4-H cloverA volunteer is defined as someone that donates their time to participate in a cause or program. UConn 4-H is the Extension youth development program and has thousands of volunteers across Connecticut that help us provide programming to over 18,000 youth, annually. Since 1970, Carol LeBlanc has been a UConn 4-H Volunteer with the Snoopy’s Pal 4-H Dog Club, located in Suffield.

The Hartford County 4-H program recognized Carol for her 50 years of service on Saturday, November 7th, with a socially distanced presentation in front of the 4-H Club followed by a county-wide virtual recognition ceremony on Sunday, November 8th.

She is deeply committed to implementing the motto of 4-H which is to “Make the Best Better”.  Carol continues to adapt her club programming to accommodate all youth, to provide new opportunities for youth to learn and develop their dog skills and self-confidence, as well as to ensure that youth are maximizing and enjoying their 4-H experiences.

“Carol is dedicated to the providing opportunities for 4-H youth to expand their knowledge of dog training and management” says Jennifer Cushman, UConn Extension 4-H Educator in Hartford County. “Carol’s leadership extends beyond the county level to various New England 4-H Programs. She has also served as an adult Advisor to the county 4-H Fair Officers who plan and implement the annual 4-H Fair and as a member of the Hartford County 4-H Advisory Committee.”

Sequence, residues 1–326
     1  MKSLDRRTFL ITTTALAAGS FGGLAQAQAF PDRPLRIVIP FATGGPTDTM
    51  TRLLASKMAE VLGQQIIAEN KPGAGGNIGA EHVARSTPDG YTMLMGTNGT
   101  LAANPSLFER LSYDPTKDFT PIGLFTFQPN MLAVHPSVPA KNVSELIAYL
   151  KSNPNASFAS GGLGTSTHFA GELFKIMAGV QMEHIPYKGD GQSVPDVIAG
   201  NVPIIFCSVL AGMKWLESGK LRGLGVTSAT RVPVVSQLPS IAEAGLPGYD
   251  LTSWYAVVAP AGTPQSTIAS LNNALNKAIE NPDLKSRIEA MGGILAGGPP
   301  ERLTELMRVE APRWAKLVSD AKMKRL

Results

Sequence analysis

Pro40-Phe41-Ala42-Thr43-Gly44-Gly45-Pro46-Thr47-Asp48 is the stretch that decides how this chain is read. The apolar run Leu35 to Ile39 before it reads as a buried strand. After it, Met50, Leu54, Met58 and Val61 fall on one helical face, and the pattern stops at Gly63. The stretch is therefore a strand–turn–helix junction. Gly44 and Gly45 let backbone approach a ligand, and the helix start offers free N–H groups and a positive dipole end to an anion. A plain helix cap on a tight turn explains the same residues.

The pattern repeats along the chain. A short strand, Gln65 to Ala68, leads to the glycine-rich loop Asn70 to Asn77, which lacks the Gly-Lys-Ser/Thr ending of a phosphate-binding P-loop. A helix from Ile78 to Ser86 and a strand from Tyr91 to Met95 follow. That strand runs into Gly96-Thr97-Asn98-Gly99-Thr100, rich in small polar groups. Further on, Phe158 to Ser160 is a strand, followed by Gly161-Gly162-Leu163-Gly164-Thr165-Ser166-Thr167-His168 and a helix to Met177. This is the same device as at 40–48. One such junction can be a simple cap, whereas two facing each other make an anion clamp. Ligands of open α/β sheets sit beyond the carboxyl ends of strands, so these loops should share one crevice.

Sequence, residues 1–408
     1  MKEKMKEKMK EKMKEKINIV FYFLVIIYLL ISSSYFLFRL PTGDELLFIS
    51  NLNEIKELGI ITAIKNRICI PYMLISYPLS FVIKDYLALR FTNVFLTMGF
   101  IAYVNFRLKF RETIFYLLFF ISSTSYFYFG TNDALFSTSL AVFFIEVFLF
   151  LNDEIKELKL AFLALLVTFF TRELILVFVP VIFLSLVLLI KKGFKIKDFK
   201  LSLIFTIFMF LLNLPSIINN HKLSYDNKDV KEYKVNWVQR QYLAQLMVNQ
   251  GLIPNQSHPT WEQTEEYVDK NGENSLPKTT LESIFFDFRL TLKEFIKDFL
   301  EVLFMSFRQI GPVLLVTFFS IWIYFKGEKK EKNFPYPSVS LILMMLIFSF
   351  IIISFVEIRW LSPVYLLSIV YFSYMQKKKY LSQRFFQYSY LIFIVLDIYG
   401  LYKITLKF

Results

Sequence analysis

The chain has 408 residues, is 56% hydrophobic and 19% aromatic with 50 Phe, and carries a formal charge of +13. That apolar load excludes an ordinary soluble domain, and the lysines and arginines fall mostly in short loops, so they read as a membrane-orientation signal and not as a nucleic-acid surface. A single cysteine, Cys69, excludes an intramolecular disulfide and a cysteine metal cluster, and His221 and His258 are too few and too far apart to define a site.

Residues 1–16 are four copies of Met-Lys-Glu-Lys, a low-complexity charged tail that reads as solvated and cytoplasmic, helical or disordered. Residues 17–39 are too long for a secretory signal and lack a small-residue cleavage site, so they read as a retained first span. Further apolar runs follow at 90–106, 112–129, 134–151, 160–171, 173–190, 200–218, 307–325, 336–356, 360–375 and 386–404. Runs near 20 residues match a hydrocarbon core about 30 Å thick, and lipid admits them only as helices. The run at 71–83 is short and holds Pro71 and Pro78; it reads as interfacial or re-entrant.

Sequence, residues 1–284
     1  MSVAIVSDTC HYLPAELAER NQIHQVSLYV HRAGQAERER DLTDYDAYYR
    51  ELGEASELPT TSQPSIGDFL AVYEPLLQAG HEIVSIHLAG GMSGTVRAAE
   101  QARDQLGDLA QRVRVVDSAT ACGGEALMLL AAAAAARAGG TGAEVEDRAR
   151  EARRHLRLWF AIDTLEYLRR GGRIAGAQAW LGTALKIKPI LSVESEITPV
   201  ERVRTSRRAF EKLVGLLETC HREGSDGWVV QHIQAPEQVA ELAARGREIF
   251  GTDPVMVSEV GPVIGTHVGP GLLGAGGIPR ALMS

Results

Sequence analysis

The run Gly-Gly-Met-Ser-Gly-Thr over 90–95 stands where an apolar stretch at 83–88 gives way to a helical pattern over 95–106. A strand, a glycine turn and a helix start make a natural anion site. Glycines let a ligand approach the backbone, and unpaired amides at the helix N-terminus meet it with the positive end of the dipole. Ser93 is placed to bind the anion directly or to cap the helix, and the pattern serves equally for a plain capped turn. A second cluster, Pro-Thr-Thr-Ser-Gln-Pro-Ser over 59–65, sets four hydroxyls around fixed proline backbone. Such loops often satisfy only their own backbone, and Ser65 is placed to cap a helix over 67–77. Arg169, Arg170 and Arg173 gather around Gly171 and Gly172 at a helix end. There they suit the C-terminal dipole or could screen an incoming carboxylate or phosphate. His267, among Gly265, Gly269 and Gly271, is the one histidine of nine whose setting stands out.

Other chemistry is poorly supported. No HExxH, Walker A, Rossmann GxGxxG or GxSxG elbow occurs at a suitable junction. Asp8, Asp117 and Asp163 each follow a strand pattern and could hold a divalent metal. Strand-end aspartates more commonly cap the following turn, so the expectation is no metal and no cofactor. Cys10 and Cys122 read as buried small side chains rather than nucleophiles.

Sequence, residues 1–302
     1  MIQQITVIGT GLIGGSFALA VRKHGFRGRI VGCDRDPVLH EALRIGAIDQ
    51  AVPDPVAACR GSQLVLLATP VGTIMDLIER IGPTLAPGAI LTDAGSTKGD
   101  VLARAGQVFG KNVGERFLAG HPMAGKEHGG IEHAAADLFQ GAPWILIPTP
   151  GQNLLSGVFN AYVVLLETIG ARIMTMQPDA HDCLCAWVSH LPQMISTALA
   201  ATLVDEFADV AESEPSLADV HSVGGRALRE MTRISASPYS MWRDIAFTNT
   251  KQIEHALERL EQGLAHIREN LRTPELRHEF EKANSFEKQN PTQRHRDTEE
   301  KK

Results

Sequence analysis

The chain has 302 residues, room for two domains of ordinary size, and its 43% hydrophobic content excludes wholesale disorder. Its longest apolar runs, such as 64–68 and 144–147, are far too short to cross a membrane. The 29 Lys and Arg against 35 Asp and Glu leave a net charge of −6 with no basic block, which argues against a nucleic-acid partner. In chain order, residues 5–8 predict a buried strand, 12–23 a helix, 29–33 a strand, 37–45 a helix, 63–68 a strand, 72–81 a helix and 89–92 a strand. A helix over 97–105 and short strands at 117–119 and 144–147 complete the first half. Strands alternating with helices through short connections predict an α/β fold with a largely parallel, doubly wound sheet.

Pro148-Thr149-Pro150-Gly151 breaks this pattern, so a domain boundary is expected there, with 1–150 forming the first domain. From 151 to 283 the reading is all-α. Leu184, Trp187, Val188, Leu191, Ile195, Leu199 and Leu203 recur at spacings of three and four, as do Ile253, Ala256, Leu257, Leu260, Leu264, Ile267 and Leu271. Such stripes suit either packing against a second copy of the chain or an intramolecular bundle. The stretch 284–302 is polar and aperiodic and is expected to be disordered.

“Carol, on behalf of the numerous 4-H youth who have been able to learn from you, their parents and your fellow volunteers, congratulations on your 50 years of service, and thank you,” Cushman says.

UConn 4-H is the youth development program of UConn CAHNR Extension. 4-H is a community of over six million young people across America who are learning Science, Technology, Engineering and Math (STEM), leadership, citizenship, and life skills through their 4-H project work. 4-H provides youth with the opportunity to develop lifelong skills including civic engagement and healthy living. Learn more about becoming a volunteer or enrolling your child in the UConn 4-H program at

UConn CAHNR Extension has more than 100 years’ experience strengthening communities in Connecticut and beyond. Extension programs address the full range of issues set forth in CAHNR’s strategic initiatives:

  • Ensuring a vibrant and sustainable agricultural industry and food supply
  • Enhancing health and well-being locally, nationally, and globally
  • Designing sustainable landscapes across urban-rural interfaces
  • Advancing adaptation and resilience in a changing climate.

Programs delivered by Extension reach individuals, communities, and businesses in each of Connecticut’s 169 municipalities.